I entered parenthood fluent in three languages. Having spoken German with my grandfather as a child, I looked forward to using my linguistics training and degree with my own children. That idea was quickly squashed by our family pediatrician, who sternly took me to task for speaking Russian to our infant daughter: “You’ll confuse her. Her mental development will be stunted. The mishmash of sounds will impede her speech.”
Well, I knew a lot about language but very little about child development, so I turned off my Russian and spoke English only to our children.
I now know that our doctor had parroted very old opinions, probably originating around 1900 during the wave of immigrants to the US. Growing up with two languages was thought to condemn a child to speaking neither well and doom them to poverty. Today, we recognize the value of language learning from a very young age.
Each of our children, now grown, has studied various languages and lived and worked abroad. Studied is the operative word. Whereas children who arrive at school speaking more than one language need classroom instruction in both languages to learn proper grammar, spelling, and usage, they already have the vocabulary, sounds, and word order that can be so difficult to acquire later. I kick myself when I think of how much our children could have benefited from my training!
Children who grow up in bi- or trilingual families have brains that perform more efficiently than those of monolinguals. The second language seems to improve the executive functioning of the brain. As the child’s brain switches between languages and decides which one is appropriate, the brain is learning how to handle other types of complex problems.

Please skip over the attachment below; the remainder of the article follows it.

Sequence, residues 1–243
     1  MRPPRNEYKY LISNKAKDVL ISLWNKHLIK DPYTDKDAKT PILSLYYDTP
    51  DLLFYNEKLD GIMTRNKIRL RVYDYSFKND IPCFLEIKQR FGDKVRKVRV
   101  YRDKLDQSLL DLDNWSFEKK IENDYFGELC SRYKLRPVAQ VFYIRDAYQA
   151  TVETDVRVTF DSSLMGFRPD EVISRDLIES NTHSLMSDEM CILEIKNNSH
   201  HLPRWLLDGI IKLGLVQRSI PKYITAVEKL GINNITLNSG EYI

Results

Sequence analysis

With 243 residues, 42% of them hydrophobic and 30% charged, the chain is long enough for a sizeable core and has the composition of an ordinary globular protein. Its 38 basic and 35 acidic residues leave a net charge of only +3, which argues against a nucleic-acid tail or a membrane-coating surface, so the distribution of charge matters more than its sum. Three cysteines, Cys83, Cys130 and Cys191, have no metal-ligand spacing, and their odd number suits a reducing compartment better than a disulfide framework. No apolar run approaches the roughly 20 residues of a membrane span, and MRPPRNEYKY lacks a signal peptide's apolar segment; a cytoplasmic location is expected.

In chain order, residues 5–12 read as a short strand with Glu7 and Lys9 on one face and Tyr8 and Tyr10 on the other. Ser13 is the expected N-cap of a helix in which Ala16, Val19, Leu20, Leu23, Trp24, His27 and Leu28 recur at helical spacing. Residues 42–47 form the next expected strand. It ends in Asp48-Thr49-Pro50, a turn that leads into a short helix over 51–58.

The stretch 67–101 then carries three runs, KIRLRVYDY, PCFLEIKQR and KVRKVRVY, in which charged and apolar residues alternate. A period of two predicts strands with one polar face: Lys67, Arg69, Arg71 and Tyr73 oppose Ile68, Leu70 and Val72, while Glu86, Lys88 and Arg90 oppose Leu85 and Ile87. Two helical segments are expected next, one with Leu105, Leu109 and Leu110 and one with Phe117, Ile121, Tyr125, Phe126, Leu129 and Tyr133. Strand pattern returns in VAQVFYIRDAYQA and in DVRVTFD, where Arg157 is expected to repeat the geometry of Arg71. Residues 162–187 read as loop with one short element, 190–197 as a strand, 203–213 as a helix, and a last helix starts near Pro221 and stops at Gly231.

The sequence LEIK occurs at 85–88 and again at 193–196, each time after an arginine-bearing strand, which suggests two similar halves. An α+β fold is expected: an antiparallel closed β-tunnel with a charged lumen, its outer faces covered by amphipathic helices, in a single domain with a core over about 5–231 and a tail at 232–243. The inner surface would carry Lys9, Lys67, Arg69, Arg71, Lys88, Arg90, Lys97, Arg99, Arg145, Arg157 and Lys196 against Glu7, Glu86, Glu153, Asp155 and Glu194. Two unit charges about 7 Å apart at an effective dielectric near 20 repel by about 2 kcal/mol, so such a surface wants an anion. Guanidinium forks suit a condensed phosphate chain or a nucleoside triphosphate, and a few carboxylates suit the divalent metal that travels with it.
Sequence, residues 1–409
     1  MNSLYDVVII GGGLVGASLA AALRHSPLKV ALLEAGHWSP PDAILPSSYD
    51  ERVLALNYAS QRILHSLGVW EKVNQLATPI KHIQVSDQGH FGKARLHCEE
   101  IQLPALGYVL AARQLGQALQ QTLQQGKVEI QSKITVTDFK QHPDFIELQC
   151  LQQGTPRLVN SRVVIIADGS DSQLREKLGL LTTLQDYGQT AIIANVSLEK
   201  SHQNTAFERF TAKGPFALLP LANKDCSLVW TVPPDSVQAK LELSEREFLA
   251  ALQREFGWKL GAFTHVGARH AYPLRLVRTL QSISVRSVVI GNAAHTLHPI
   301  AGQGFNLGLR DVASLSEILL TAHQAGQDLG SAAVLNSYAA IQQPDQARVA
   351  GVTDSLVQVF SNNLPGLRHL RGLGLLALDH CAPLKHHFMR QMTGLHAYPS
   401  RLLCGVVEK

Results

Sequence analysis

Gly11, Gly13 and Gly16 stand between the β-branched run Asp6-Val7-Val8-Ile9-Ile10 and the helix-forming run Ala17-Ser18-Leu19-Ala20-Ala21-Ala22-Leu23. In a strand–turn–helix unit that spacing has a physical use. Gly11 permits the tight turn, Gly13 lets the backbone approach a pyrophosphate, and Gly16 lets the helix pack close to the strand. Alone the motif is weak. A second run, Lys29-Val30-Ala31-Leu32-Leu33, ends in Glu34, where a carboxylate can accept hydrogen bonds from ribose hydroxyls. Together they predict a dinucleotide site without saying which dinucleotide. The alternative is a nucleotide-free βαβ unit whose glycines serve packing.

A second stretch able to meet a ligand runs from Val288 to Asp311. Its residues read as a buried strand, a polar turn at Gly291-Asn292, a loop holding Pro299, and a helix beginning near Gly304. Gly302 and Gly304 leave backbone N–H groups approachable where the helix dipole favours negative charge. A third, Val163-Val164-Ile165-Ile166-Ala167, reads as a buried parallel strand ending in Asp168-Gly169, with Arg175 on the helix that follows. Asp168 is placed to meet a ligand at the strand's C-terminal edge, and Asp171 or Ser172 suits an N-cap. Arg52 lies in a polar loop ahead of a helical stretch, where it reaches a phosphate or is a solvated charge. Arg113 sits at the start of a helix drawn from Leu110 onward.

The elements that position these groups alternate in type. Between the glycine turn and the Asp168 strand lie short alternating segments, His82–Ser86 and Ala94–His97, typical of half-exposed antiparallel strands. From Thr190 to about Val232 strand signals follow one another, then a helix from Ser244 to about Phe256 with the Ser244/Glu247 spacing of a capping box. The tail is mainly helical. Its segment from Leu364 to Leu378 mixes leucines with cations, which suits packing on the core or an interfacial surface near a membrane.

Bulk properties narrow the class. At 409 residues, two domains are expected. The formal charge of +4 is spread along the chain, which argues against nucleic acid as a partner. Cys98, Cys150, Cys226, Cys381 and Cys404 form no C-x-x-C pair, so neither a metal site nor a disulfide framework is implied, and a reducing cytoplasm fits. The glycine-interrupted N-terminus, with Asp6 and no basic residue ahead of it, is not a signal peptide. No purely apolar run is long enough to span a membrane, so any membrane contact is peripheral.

An additional language also provides an additional world view. There are words in many languages that are difficult or impossible to translate. They arise from a different way of viewing our reality. This is beneficial for artists, diplomats, business people, and anyone who interacts with people outside their immediate circle.
The advantages of learning a language can, of course, be acquired through study at any age, and the benefits are similar–just not as pronounced. There is a reason people are concerned when a new US ambassador arrives at a posting speaking only English!
The benefits follow a language learner into old age. Tamar Gollan of the University of California, San Diego led a study that found that the onset of dementia and other symptoms of Alzheimer’s disease were delayed in bilinguals.
I wish I could tell that pediatrician what I know now: that learning multiple languages can make a person smarter, healthier, more successful, and more empathetic. The more we learn to communicate with one another, the more everyone benefits!